Architecture As Performance: From The Lisson Gallery To Westkaai Towers
Tony Fretton (Tony Fretton Architects)


Tony Fretton

©David Grandorge

I want to talk about the approach I have to architecture. It is a different approach, because I (and a lot of people know this) but a long while ago I by chance started working in performance, and the sort of interregnum between being an architect... and performance artists were using the same material as architects: spaces, situations, people. They were using them, well they were looking at them through the lens of conceptual art, which meant that they could see political and social values and objects of use and something I understood that I could do. And I did the Lisson Gallery with that spirit, and it's been a prevailing tendency in all my works.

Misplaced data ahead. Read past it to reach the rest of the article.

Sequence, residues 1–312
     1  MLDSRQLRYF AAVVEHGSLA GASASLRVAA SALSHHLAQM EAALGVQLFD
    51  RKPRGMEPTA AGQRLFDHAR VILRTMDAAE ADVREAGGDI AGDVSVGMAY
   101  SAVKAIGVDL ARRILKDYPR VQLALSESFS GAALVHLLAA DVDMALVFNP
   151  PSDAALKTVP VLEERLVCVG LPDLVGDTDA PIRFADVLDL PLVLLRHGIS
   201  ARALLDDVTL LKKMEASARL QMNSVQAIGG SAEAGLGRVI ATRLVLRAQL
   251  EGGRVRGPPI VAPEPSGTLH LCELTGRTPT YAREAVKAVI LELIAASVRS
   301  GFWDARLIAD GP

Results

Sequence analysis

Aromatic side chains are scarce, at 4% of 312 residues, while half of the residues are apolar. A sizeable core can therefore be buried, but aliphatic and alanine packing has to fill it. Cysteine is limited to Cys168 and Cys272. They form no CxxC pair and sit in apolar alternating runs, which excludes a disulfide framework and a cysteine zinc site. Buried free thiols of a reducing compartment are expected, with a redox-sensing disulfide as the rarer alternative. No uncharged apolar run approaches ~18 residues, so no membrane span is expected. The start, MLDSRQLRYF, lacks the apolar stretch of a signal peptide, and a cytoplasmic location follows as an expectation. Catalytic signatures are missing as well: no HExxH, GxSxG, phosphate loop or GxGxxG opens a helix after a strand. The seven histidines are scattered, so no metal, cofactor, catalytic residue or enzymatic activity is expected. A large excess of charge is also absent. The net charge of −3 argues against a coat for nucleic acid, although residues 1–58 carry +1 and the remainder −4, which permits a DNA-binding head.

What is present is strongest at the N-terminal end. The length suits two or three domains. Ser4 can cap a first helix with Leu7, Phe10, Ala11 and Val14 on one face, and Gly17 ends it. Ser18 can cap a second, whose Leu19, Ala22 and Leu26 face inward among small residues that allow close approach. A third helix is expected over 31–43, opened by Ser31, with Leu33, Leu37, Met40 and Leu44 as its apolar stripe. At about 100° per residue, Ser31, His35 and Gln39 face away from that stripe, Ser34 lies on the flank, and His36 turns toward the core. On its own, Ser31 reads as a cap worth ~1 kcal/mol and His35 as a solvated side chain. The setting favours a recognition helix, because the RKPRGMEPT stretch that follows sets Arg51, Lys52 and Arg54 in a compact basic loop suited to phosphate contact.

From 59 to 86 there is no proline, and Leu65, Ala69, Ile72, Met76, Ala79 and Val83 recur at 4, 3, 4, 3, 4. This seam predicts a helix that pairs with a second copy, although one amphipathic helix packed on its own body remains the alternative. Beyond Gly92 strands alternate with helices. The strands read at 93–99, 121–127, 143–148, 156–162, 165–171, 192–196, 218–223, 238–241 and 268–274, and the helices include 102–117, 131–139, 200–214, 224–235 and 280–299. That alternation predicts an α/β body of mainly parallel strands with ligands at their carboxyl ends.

The Red House, Chelsea, London, UK. Exterior. Tony Fretton Architects 2001

©Helene Binet

For example when I got to The Red House, The Red House I could handle, well it's always called history but it's not. What I felt I could do in The Red House so I could use any building from any time, that I liked, which I felt had relevance to the present moment. To make an argument, post rationalising argument for that, is that it is a modern building. Because if you think outside architectural modernism into paintings, literature, music; Stravinsky would use Russian motifs in contact with what he found in Debussy and the French school of writing, of modernist writing. And we know that James Joyce used the structure of the Ulysses myth for his book of same name, but actually added into that, or used in that, colloquial speech that he heard. And if you think of Picasso, he would very freely use motives from the history of painting in combination with cubism.

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